Dost’s most recent project is working with Kodak and the PGA Tour to photograph each of the thirty Kodak Challenge Holes. For the Challenge, Kodak has selected a single hole in each of twenty four different PGA Tour tournaments for either their beauty or their connection to memorable moments in golf. At the end of the season, the Tour player who has the lowest score across eighteen of those holes wins a million dollars. Kodak also has created a fantasy challenge, and an amateur photo gallery for fan participation.


Dost’s involvement in the Kodak Challenge was the result of another coincidence. Dost explains:


“Kodak had come up with the idea for the Kodak Challenge at the end of 2008, and they had decided that they needed one photographer to take all the photos of the holes so they had a cohesive look for all of the marketing and materials. Their lead guy, Rich Connolly, was on a plane flight home thinking about this when he noticed an article in the Wall Street Journal. The article was about golf course photography and I had the lead in the story and the lead photo. And he read the article and said “this is the person I’m interested in.””


Photographing the Kodak Challenge Holes will take Dost through seventeen states in six months. The projects presents some special challenges.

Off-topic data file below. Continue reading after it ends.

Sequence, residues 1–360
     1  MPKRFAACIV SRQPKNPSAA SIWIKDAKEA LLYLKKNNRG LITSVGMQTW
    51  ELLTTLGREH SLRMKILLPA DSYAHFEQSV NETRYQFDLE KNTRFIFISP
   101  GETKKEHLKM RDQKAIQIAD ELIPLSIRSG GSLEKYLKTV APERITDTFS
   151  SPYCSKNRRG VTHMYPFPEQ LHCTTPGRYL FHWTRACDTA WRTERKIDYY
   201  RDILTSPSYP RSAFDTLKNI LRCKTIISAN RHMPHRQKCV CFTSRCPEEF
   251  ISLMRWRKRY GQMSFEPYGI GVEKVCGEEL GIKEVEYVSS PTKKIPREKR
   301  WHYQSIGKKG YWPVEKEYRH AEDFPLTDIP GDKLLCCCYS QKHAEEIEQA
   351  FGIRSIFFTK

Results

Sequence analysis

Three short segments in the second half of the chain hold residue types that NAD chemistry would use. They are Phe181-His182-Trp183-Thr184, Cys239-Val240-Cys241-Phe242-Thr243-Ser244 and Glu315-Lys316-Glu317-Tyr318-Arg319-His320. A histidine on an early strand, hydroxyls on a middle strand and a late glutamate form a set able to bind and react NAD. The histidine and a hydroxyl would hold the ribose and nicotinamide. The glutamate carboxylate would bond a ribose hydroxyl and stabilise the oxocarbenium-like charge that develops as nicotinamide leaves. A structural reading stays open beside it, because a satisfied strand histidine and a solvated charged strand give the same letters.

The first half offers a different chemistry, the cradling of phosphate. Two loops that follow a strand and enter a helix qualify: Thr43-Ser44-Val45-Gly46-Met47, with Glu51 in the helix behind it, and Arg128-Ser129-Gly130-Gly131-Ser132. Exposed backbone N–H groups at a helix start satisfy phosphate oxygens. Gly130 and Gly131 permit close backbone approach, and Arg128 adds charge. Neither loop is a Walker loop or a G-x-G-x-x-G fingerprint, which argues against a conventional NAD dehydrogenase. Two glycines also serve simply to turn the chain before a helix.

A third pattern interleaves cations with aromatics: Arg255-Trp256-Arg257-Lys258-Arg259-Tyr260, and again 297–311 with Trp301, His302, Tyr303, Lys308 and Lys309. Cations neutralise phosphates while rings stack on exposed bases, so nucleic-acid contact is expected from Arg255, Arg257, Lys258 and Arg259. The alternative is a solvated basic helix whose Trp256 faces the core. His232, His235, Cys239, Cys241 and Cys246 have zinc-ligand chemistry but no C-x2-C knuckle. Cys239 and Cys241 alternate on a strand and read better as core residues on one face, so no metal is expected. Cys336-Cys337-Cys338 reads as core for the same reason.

“The problem for me with the Kodak Challenge is the timing. They set up the stands six or eight weeks before a tournament, but six weeks out the course really isn’t ready to photograph yet. This has forced me to do some creative things so you don’t see the stands.”

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Joann Dost at work


Dost’s standard procedure is to check into the tournament site for three days. She often takes a full day just to move around and see what happens to the hole as the light changes during the day.


“I have to decide what’s going on with a hole; what the players are looking at, and how I can make it interesting and compelling. I’m on the property from sunrise to sunset.”


Dost tries to reveal something of the character of the hole with her shots.


“There are ways that you can go into a golf course and shoot photos for a yardage book. You just stand up there and shoot from the ideal position for playing. But when I’m sitting for Kodak, I’m looking for something that lets you see more of the design of the hole in that one shot. I’ll try to show the difficulty of the hole for that players. But sometimes I’ll just take a shot because it has some cool texture.”


A bit of a throwback in the digital age, Dost uses 6×7 large format film camera for her work.


“When I shoot digitally, it often doesn’t come out of the camera the way that I saw it. The transparency is much closer to what my eye sees. With digital, you have to use Photoshop to color correct and fine tune. You have to interpret it.”


But Dost is no Luddite. She also takes digital photographs on the job site. It’s more work, she says, but taking great photographs is work.


What Dost likes best about digital photography, however, is that it’s “getting so many more people into photography. That’s what Kodak is doing. It’s all about digital capture now, and thanks to Kodak, people are taking more and more photographs.”


See more of Joann Dost’s fine art golf landscape photography.


See more of the Kodak Challenge.